Thursday, March 8, 2012
A day after Reserve Bank governor Glenn Stevens left interest rates on hold, telling Australians that growth was ''close to trend'', the Australian Bureau of Statistics reported that growth in the year to December slowed to 2.3 per cent. Even in the six months to December, annualised growth was just 2.5 per cent.
Virtually all of the growth was in the coal and iron ore states of Western Australia, Queensland and New South Wales. Victoria, South Australia and Tasmania all went backwards.
The figures came as Treasury secretary Martin Parkinson revealed that federal and state revenues are now in crisis, with tax collections down by 4 per cent of GDP - almost $60 billion a year - and unlikely to return to former levels ''for many years to come''.
He warned of more pain ahead, saying: ''For both levels of government, surpluses are likely to remain at best razor-thin without deliberate efforts to significantly increase revenue or reduce expenditure.''
Dr Parkinson blamed the revenue collapse partly on tax breaks for mining. He revealed that mining companies earn about 20 per cent of all corporate profits, but pay only about 10 per cent of all corporate taxes, thanks to their huge deductions for depreciation.
Yesterday's figures show that in the first half of 2011-12, company tax collections rose just 1 per cent year-on-year. Last May the federal budget papers forecast an increase of 29 per cent. If the gap persists, it implies a revenue loss of $16 billion a year.
The bureau said state governments' revenue across Australia rose just 1 per cent in the first half of the financial year, while their spending rose 5.4 per cent. The state revenue collapse - mainly due to the slump in house prices - turned a combined surplus for the states of $4.15 billion a year ago into a deficit of $500 million.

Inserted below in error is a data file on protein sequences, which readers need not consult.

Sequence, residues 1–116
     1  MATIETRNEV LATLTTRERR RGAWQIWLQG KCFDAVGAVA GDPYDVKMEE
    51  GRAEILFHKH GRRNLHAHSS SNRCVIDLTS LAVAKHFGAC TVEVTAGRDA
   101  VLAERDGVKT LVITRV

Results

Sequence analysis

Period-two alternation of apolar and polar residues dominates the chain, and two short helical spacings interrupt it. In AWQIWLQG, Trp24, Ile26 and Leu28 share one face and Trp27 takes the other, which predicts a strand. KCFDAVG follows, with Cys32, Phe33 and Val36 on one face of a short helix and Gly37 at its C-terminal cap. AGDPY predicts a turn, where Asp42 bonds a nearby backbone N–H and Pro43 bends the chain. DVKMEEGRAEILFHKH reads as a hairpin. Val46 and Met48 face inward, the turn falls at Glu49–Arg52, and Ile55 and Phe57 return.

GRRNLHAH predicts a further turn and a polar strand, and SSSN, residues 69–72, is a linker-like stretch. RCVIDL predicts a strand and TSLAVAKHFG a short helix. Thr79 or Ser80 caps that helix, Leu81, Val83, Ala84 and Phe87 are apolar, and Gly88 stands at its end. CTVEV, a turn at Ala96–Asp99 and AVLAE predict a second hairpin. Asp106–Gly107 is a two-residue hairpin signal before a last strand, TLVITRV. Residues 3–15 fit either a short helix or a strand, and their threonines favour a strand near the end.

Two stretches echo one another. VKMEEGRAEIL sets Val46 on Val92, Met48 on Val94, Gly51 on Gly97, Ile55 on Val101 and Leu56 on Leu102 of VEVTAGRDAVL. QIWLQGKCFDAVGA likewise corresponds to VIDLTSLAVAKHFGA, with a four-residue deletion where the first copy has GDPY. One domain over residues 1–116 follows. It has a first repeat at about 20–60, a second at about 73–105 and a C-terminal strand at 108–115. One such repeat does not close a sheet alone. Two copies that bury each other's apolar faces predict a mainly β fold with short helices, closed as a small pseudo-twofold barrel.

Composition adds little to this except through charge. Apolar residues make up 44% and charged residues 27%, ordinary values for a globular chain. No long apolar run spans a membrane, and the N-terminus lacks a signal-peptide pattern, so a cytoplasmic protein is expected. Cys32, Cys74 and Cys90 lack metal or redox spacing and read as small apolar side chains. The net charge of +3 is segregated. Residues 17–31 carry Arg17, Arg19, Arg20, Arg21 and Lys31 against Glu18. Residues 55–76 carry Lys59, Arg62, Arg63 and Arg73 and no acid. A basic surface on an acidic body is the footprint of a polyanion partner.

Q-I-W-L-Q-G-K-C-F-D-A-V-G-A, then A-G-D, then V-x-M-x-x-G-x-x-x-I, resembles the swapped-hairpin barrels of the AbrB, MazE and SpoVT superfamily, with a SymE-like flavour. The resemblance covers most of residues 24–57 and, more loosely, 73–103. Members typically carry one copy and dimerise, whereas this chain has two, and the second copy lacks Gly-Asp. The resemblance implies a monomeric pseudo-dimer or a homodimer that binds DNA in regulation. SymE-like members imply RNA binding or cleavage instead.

The Baillieu government is implementing deep spending cuts to keep its budget in balance, cutting 3600 public sector jobs. The Gillard government has told departments and agencies their budgets will be cut by 4 per cent next year, implying thousands more jobs lost.
Treasurer Wayne Swan said that the poor revenue and weak growth figures would force the government to make ''significant'' spending cuts and/or revenue increases in the May budget to achieve its goal of a budget surplus in 2012-13.
''There's no doubt that there'll have to be significant savings,'' he said. ''But we think we absolutely need to do it ? to send a signal to the world that we're in good fiscal nick.''
Yesterday's figures show spending cuts are already dragging growth down. Cuts in state government investment wiped $2.5 billion off the nation's output for the December quarter, falling 15 per cent year-on-year as federal stimulus payments end and governments put off projects to stay in the black.
Victoria was less affected than most. But in seasonally adjusted terms, the bureau estimates total spending in the Victorian economy fell 0.5 per cent in December, after growing just 0.1 per cent in the previous quarter. On its preferred trend measure, Victoria's bottom line fell marginally in the December quarter.
Victoria, SA and Tasmania are being dragged down by the combination of a very high dollar, relatively high interest rates and government spending cuts. NSW is being kept going by coal investments, while WA and Queensland are booming.
The bureau figures show a very sharp divide across Australia. Spending in Queensland, NT and WA combined grew 11.3 per cent year on year. In Victoria, NSW, SA, Tasmania and the ACT, combined spending grew by just 1.4 per cent.